Vigan Empanada

Since my first stop was in San Vicente near Vigan, Ilocos Sur, I happened to sample the thinner, paler empanada first from the city center of Vigan. It was my second day exploring the Heritage Village - a name given to the historical Crisologo street  and various surrounding streets- a UNESCO world heritage site. Walking around the old street felt magical as my adrenaline and excitement is on an all time high. There are various souvenirs to ogle and buy.

But one thing I am interested in apart from the semi-obligatory ref magnets and keychains is to take home and sample the food of the place. After buying one too many chichacorns and Vigan longanisa, it is time to chill, hang out and sample the empanada.

There is a certain area in the town plaza called the Vigan Empanada center where many different stalls are selling the yellow empanada.The Vigan empanada has a thin crust and is yellow in color. What's inside the crust are shredded cabbage, sliced green papayas, one whole egg and Ilocos longganisa.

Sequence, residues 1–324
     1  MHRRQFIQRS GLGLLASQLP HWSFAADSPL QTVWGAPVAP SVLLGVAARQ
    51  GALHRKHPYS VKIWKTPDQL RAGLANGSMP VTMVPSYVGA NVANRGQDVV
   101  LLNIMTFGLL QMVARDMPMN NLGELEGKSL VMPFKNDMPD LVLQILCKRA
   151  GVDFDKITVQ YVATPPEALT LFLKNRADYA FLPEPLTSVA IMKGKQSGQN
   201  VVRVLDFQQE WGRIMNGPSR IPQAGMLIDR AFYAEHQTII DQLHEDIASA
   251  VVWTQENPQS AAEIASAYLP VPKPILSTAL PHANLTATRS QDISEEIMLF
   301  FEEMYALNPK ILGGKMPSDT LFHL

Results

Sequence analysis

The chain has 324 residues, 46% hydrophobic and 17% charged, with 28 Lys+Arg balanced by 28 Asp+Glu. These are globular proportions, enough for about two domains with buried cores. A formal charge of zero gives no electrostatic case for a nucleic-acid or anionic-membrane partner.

It was crisp, hot because it was freshly cooked. You need to douse it with sukang Iloko to be able to get the right melange of tastes right. I,m salivating right now!

Batac Empanada

En route to Pagudpud from Vigan, I made it a point to make a pit stop at Batac to try their version of empanada.

Before I took the roadtrip to Ilocandia, a lot of people have been telling me to actually try this empanada - it's Batac empanada or nothing at all! Imagine how some passionate foodies defend their choice, what more to actual people who hailed from such places. With no intention in fueling the fire...I actually stopped at Batac in  to sample these orange wonders with the intention of comparing it to the Vigan empanada I tried days before.
Papa and Mommy

My first impression, it looks a lot like the orange quail eggs sold back in Manila. You can see them everywhere. But Batac empanada was colored with natural coloring - atsuete. The dough is also thicker compared to Vigan empanada. What's interesting is that you get to choose between Sukang Iloko or Banana ketchup to go with your empanada. Hmmm.